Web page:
Last week, Raj Rajaratnam, the chief executive officer at Galleon Capital Management, one of the top ten hedge funds worldwide, was arrested on charges of an illegal insider trading scheme.
With the help of his partners in crime—Anil Kumar from McKinsey Consulting, Robert Moffat Jr. from International Business Machines Inc. (IBM), Rajiv Goel of Intel Corp., among others—Raj is suspected of earning around $20 million in profits over the last 3 years from illegal trading using private company information tipped to him by insiders.
If proven guilty, Raj could serve up to 20 years in prison and pay severe fines for fraud. At the moment, he is free on $100 million bail.
The news has greatly shocked the market—and the hedge fund industry. This case is the most high-profile ever levied against anyone in the hedge fund industry.
As for the motives of such a crime, no one seems to comprehend them. Raj is a renowned figure, the richest man in his home country, Sri Lanka, owning $1.3 billion in personal wealth and managing around $3.7 billion of assets at Galleon.
He is known for his numerous charitable donations—including helping to restore Sri Lanka following recent tsunamis. Why would such a wealthy man bother to get involved in such a trivial fraud that only net him around 1.5 percent of his wealth and could cost him 20 years in jail, not to mention possible injunctions against his hedge fund Galleon?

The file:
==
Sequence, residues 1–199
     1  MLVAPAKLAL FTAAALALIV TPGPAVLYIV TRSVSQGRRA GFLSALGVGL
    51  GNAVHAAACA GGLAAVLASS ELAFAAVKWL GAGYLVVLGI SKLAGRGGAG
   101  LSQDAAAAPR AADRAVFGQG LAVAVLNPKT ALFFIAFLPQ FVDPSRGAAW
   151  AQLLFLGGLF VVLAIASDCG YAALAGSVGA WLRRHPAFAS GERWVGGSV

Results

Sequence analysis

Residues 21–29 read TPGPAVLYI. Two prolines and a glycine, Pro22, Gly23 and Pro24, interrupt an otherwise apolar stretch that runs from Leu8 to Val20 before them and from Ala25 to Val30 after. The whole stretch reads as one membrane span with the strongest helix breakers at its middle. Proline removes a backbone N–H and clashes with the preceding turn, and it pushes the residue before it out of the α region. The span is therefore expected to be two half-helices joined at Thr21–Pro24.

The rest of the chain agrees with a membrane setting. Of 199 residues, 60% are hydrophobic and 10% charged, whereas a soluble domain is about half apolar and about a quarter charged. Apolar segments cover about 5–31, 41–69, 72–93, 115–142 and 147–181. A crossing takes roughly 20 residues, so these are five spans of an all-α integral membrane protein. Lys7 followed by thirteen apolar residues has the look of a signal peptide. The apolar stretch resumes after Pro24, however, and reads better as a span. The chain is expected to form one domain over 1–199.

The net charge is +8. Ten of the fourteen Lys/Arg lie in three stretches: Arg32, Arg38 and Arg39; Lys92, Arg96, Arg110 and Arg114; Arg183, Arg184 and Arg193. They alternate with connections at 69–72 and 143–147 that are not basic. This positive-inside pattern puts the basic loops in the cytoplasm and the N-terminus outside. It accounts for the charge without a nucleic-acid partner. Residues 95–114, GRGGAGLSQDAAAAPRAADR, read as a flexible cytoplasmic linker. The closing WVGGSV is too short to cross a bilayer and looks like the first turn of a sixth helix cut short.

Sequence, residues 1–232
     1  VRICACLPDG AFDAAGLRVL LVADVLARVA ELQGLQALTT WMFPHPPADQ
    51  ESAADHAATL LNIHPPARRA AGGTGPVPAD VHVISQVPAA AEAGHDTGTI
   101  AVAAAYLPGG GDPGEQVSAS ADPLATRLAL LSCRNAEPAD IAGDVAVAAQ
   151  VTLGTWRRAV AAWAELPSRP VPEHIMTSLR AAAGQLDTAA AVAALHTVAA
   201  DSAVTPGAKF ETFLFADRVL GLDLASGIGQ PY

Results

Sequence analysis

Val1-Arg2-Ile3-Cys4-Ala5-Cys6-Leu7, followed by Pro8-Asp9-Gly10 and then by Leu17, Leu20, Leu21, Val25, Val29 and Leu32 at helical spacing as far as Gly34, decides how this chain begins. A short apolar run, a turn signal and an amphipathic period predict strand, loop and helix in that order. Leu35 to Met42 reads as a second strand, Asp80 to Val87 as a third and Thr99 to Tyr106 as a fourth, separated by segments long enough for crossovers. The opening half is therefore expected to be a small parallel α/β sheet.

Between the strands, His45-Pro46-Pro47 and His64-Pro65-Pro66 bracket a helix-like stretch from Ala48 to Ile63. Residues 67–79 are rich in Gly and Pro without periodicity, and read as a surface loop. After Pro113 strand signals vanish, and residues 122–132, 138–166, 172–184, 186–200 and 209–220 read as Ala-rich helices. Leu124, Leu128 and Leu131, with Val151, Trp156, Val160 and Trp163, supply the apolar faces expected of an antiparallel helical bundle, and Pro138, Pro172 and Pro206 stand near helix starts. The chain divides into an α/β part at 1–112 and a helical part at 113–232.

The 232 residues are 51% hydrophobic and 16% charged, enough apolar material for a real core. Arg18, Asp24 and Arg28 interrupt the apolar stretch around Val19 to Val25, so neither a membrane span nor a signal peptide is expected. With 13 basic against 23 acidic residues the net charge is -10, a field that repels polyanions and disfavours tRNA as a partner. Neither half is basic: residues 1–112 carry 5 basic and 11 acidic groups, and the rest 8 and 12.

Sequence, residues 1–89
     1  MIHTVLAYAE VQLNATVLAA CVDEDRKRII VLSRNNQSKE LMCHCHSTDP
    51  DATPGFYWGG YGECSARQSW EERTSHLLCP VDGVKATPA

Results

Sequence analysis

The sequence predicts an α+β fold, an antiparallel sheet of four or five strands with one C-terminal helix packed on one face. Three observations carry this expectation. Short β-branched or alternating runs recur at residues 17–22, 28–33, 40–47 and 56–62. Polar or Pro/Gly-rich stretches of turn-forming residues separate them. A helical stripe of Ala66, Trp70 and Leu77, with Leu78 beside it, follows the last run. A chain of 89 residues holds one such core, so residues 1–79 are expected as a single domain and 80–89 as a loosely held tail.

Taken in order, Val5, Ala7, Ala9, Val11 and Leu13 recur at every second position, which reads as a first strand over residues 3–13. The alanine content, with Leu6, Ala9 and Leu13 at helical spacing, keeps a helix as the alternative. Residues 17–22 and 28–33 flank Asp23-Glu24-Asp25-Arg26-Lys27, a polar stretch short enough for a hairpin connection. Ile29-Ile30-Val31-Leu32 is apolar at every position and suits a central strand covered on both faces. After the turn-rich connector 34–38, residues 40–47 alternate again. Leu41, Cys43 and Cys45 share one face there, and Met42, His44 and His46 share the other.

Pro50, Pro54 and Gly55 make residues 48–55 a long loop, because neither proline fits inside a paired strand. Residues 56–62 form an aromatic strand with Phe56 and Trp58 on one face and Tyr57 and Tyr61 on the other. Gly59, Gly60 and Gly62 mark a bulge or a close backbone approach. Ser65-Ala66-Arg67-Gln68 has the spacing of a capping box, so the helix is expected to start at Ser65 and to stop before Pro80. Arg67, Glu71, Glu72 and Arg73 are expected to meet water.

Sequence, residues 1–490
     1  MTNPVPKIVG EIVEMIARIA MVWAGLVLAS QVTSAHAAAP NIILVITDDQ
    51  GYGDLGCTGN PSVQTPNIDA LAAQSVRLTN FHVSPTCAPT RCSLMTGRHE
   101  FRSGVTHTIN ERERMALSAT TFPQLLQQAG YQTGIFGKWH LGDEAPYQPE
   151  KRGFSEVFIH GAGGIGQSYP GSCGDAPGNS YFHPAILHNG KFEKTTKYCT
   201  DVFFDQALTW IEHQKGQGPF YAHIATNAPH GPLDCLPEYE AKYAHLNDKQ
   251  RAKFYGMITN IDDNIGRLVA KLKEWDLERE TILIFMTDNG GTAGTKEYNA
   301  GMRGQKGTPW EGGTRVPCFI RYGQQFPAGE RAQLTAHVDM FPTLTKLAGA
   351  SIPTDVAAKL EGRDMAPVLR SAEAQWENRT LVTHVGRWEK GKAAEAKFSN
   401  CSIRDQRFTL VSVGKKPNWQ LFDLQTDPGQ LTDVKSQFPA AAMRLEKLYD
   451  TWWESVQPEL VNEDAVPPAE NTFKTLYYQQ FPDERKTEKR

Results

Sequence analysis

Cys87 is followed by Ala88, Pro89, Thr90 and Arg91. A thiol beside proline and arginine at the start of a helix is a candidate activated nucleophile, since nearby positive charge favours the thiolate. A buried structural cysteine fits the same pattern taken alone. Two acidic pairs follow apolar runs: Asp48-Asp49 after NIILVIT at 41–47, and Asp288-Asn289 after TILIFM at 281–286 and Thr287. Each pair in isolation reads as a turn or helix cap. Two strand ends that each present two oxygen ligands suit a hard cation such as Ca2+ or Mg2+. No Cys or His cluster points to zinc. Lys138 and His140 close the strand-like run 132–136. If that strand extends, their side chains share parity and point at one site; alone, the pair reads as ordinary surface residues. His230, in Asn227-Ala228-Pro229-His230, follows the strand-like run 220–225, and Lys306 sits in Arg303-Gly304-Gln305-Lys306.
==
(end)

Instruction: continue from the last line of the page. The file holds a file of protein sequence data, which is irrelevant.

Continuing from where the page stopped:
“This may spell the end of [Galleon],” said Craig Lilly, a Palo Alto, Calif.-based attorney at Squire, Sanders & Dempsey LLP. “They will probably face a tremendous wave of redemptions as well brain-drain as senior people head for the exit door.”
One of the suspected motives of such a crime could be Raj’s competitive spirit and risky nature.
“It is pride, and I want to win,” Rajaratnam was quoted in "The New Investment Superstars," a book written by Lois Peltz and published in 2001. “After awhile, money is not the motivation. I want to win every time. Taking calculated risks gets my adrenaline pumping.”
An insider, by law, is considered to be any person who has access to a company’s “material” private information that is not allowed to be disclosed or used for any purpose outside the company.
In the United States and many countries worldwide, insider trading is considered an illegal activity punishable by law (the Securities and Exchange Act of 1934). In contrast to insider information, everyone has the right to access public information about companies that is openly published in company reports.
In the case of Rajaratnam, he made trades based on insider information tipped to him by executives at McKinsey, IBM, and others who had access to nonpublic information on a large number of companies worldwide. As a result, Rajaratnam took advantage of and profited from trading shares of Google, AMD, Polycom Inc., Hilton Hotels Inc., and others over the last three years.
“Every trader wants an edge, and there are many gray areas when it comes to aggressive research. But if you trade on material, nonpublic information that comes from a company insider who is breaching his fiduciary duty, odds are that it is illegal,” said Ron Geffner, a lawyer at New York-based Sadis & Goldberg LLP.
The Wall Street Journal reported this week that clients have requested to withdraw more than $1.3 billion in funds, out of a total of $3.7 billion in assets held by Galleon.